Filmmakers and the scramble to make made-for-TV films accurate
The day before Lifetime began filming "Jodi Arias: Dirty Little Secret," its true crime movie about the Jodi Arias case, the now-convicted murderer shocked everyone by taking the stand at her trial. As Arias regaled the jury and public for 18 days with the minute details of her life and intimate relationship with Travis Alexander, the ex-boyfriend she killed, the movie's writers realized they could no longer end their story as they'd planned -- in a police interrogation room with Arias denying she'd even been at the scene.
As real life played out in a Mesa, Ariz., courtroom, it "was just too dramatic," to gloss over, said Arturo Interian, vice president of original movies for Lifetime Networks and A&E Networks. "To have [prosecutor] Juan Martinez suddenly becoming a hero in the public's eyes. And Jodi, now the villain of villains, going at it with Juan on the stand for multiple days—she was lying; he didn’t believe a word. He's nailing her and confronting her on her contradictions. You could not stop watching that. There's no way we could leave it out."
What to include and exclude in a true crime movie can be tricky business, especially when the case is not over. Legally, writers, producers and executives are bound by some of the facts as they reveal themselves in court but that doesn't mean that a movie has to wait to be made until all is said and done or that writers can't fill in the blanks. It depends on the point of the view the film is taking.
Lifetime's Arias film premieres Saturday at 8 p.m. -- the network began developing the movie 15 months ago, when no one expected the trial to last as long as it did or for the defendant to spend as much time trying to sell her self-defense claims. It put Jace Alexander, who was directing his first true crime movie, in the position of balancing artistic license with a story that was playing out in front of the world and simultaneously impacting real people. Her conviction meant that legally, producers could show her killing Alexander; without it, they would have had to focus on their rocky relationship and leave the conclusions to the audience.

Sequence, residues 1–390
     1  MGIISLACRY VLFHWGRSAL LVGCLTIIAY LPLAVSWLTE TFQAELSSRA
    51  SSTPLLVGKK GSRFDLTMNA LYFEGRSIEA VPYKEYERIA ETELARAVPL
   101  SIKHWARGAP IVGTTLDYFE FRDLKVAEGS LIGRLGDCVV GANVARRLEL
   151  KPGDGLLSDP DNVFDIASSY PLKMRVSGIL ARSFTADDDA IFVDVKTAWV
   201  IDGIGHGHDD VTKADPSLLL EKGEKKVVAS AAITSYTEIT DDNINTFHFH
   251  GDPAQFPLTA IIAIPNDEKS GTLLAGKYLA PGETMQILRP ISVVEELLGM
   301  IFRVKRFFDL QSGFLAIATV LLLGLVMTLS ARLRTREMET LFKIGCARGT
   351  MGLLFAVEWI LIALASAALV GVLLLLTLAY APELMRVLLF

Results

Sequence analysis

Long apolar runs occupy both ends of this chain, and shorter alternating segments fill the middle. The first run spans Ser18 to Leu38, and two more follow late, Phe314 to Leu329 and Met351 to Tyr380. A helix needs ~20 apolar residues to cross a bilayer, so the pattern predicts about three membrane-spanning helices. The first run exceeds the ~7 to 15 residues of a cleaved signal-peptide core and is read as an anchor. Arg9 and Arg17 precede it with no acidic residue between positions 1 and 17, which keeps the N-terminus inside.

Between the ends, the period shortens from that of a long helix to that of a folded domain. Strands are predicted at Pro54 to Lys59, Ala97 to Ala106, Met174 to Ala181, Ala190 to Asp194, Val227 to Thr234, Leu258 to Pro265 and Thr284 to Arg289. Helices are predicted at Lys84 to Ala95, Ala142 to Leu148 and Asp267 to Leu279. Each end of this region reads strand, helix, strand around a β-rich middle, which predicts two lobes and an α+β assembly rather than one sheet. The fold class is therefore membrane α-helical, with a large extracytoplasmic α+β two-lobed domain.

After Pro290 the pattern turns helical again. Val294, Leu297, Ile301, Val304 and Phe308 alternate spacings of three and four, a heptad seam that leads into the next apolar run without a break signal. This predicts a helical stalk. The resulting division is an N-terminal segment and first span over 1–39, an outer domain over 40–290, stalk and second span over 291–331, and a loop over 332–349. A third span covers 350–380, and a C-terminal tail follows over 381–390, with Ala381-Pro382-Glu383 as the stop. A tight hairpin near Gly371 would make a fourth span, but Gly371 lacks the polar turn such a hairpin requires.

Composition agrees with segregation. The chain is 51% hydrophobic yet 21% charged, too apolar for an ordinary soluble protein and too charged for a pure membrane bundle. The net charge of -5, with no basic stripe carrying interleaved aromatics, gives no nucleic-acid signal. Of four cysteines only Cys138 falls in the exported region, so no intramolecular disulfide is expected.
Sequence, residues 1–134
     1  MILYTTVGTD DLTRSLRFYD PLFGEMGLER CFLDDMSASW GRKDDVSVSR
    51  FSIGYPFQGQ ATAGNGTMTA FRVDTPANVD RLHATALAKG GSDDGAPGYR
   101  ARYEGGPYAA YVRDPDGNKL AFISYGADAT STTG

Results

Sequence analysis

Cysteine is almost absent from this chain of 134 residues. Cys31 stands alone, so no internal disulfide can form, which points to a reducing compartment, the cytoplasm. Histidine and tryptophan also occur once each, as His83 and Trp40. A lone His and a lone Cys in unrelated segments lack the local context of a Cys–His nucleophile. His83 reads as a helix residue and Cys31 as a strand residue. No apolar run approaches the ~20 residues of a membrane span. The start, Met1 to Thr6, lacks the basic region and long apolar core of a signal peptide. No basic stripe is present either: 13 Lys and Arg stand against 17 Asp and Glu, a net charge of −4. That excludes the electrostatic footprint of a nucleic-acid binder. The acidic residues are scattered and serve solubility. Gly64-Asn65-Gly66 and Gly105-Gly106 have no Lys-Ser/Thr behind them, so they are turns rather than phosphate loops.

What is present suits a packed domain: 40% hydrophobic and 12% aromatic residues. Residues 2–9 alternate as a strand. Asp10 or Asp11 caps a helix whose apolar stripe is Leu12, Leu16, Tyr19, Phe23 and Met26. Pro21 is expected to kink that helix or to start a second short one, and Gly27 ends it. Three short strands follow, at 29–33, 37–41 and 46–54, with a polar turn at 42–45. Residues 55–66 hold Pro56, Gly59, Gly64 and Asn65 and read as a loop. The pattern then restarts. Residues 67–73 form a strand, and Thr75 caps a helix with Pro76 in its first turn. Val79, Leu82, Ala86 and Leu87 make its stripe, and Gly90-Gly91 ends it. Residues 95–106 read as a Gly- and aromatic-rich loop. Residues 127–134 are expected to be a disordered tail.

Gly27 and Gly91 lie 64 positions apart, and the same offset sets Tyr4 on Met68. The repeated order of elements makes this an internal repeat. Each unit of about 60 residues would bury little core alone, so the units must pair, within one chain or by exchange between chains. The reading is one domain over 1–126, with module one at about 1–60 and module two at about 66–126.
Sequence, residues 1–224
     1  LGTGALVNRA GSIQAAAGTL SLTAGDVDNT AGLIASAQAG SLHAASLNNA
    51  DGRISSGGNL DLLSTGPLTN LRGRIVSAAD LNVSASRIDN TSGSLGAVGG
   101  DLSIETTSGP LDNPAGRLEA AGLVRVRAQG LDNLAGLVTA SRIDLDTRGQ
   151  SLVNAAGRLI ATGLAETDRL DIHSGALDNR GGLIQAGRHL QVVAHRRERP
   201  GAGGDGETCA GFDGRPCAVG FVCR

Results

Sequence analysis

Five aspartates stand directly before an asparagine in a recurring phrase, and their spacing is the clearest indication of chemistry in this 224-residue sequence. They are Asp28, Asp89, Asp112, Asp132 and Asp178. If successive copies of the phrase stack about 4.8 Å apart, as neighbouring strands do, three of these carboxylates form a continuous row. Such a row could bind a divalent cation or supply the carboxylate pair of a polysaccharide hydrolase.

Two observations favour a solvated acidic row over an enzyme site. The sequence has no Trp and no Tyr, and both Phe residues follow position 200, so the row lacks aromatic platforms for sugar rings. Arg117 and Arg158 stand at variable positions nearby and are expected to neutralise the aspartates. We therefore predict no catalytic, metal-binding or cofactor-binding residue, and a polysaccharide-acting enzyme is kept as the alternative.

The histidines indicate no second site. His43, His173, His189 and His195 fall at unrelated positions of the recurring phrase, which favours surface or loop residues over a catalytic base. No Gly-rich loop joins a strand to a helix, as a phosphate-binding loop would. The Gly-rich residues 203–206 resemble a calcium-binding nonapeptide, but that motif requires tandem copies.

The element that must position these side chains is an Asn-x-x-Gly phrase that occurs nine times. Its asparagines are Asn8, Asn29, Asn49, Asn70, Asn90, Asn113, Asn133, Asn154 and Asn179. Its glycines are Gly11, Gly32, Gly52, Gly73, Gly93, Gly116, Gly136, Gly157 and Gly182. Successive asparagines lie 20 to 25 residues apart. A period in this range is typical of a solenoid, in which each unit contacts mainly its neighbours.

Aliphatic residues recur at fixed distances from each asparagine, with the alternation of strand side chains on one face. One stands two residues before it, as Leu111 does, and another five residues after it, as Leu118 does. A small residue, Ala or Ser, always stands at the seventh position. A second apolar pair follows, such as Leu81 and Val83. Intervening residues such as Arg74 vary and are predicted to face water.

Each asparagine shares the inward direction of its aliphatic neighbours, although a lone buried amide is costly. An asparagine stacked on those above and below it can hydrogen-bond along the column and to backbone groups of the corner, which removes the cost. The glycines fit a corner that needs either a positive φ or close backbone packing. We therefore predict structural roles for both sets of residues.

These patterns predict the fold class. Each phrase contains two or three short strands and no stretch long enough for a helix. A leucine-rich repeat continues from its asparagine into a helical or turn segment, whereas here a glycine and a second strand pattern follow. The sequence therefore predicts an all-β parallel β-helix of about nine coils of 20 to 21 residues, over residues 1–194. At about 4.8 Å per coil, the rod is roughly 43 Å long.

"We are taking moments where no one knows or had access to the private closed-door moments of these people and imagining ourselves what happened," said Alexander who is not related to the victim. “The minute that happens, we can't be held accountable for what other people think might be the truth. But there were a lot of facts we were privy to and we were faithful to those facts. Although I have nothing but the most respect for these people who have been living through this horrible tragedy, at the same time, we had to construct a narrative that may or may not sit well with them."
It was a first for Alexander but not for a network that built its brand when it seized on a gap left by the broadcast networks when they stopped making made-for-TV movies. Writer Teena Booth, who has written about 30 non-fiction movies, including Lifetime’s second biggest true crime hit, “Drew Peterson: Untouchable,” says real life can get in the way of telling the story—even when the case is long over.
When she was writing a Lifetime movie that aired in 2008 about the murder of Las Vegas casino magnate Ted Binion, the court overturned the conviction of his girlfriend, Sandra Murphy, sending Booth into frantic re-write mode because she could no longer show Murphy killing Binion. Last year, as she wrote “Fatal Honeymoon,” about Tina Watson, the newlywed wife who died while diving on her Australian honeymoon, the case against her husband was dismissed, though he had pleaded guilty to manslaughter in Australia.